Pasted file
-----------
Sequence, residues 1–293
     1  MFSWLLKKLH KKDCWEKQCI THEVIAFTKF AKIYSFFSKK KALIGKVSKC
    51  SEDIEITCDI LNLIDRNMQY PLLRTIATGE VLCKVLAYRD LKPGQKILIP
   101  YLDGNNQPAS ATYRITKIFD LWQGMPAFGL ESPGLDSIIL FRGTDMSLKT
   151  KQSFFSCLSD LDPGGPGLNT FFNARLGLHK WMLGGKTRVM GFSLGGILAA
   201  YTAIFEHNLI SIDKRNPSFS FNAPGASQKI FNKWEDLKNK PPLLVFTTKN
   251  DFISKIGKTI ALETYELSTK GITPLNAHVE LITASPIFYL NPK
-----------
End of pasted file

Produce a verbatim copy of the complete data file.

Sequence, residues 1–293
     1  MFSWLLKKLH KKDCWEKQCI THEVIAFTKF AKIYSFFSKK KALIGKVSKC
    51  SEDIEITCDI LNLIDRNMQY PLLRTIATGE VLCKVLAYRD LKPGQKILIP
   101  YLDGNNQPAS ATYRITKIFD LWQGMPAFGL ESPGLDSIIL FRGTDMSLKT
   151  KQSFFSCLSD LDPGGPGLNT FFNARLGLHK WMLGGKTRVM GFSLGGILAA
   201  YTAIFEHNLI SIDKRNPSFS FNAPGASQKI FNKWEDLKNK PPLLVFTTKN
   251  DFISKIGKTI ALETYELSTK GITPLNAHVE LITASPIFYL NPK